The Jar

It’s not every sunrise that I go out on the beach, though it’s an easy walk down the hallway to the elevator, out a few security doors, then there’s the gate to the beach and a landing where I take off my flip flops and put them in one of the bins that typically hold shoes, towels, toys, whatever.

In my quest to have more conscious and responsible visitors on our beach I decided that I would make another type of statement. I took an empty plastic food container (organic cashews 1.13kg or 2lbs 8oz for those of us who haven’t fully converted to the metric system), covered the label with a hand written note that simply said 3900 Galt Beach and placed it toward the back of one of the empty cubbies. As this was before seven am, the only other cubbies that had anything in them was one that had two towels, one medium green and the other a now off-white. The towels had been left behind a few days before. Initially very wet with the rain, I put them over the available railing to dry out. Later, once dried, they got folded by either one of the staff or one of the residents and placed in the upper right cubby spot for someone to reclaim.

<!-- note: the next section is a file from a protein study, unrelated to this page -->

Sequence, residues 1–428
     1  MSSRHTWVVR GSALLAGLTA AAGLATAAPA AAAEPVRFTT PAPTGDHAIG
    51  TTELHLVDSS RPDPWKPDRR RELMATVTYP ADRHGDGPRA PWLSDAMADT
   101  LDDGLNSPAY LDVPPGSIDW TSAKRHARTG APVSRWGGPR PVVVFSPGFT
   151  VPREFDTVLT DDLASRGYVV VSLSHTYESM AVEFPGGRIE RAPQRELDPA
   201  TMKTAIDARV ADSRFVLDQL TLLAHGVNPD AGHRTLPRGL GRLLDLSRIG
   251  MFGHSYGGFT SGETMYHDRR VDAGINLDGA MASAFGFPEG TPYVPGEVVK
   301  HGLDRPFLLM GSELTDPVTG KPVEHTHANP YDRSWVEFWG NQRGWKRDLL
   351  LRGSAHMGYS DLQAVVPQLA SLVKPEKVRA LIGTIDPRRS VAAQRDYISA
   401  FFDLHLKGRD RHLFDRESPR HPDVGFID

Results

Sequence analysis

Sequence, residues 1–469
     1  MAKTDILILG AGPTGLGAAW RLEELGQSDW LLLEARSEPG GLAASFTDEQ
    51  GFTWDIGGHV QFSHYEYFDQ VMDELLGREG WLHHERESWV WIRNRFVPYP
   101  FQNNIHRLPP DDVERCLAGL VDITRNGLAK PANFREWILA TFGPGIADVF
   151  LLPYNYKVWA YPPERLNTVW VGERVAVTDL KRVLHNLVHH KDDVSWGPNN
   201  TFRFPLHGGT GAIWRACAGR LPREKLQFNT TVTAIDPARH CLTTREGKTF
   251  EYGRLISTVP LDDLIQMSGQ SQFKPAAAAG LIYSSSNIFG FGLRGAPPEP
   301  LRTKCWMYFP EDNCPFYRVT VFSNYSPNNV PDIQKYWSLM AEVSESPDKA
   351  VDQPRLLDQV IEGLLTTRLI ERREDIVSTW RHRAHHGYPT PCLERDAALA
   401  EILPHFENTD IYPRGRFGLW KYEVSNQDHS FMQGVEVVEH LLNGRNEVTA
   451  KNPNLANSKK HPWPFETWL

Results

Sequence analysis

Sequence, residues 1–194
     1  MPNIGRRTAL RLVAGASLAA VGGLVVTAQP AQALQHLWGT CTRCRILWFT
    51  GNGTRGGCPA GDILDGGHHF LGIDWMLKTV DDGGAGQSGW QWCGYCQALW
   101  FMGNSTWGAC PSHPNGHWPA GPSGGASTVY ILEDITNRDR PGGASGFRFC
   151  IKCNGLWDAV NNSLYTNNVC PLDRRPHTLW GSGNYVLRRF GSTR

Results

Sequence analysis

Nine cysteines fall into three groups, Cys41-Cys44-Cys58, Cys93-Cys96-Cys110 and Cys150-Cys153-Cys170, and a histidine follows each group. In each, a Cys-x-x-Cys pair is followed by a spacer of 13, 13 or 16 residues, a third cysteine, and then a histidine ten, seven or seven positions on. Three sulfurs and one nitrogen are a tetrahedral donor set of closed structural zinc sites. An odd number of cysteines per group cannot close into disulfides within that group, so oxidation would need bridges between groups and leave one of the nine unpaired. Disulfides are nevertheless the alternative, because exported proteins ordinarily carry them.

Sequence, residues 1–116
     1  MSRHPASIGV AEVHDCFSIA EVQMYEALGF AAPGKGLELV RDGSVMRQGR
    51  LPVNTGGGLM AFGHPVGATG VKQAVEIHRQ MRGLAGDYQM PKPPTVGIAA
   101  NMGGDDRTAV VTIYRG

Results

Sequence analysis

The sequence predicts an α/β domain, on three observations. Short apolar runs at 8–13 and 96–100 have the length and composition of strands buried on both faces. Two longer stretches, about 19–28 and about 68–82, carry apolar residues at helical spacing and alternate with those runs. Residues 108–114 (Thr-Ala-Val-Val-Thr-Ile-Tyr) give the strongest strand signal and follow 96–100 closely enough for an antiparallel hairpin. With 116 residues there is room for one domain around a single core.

I went out to collect trash. When I got back to our condo’s landing area, where there are also trash cans, showers and hoses, I dumped the entire collection on the sand to further sort. Recyclables go in one place, trash another, hard plastic for me to further process and this time, I had another item I separated out – cigarette filters. Curious as I am, and a mathematician at heart, I counted the number of butts. There were 25.

They were all placed in the repurposed organic cashew container. How many butts would it take to fill it up; how many people would that represent; and how long would it take to fill? The photo was taken a few days into the collection process.

Contemplate that.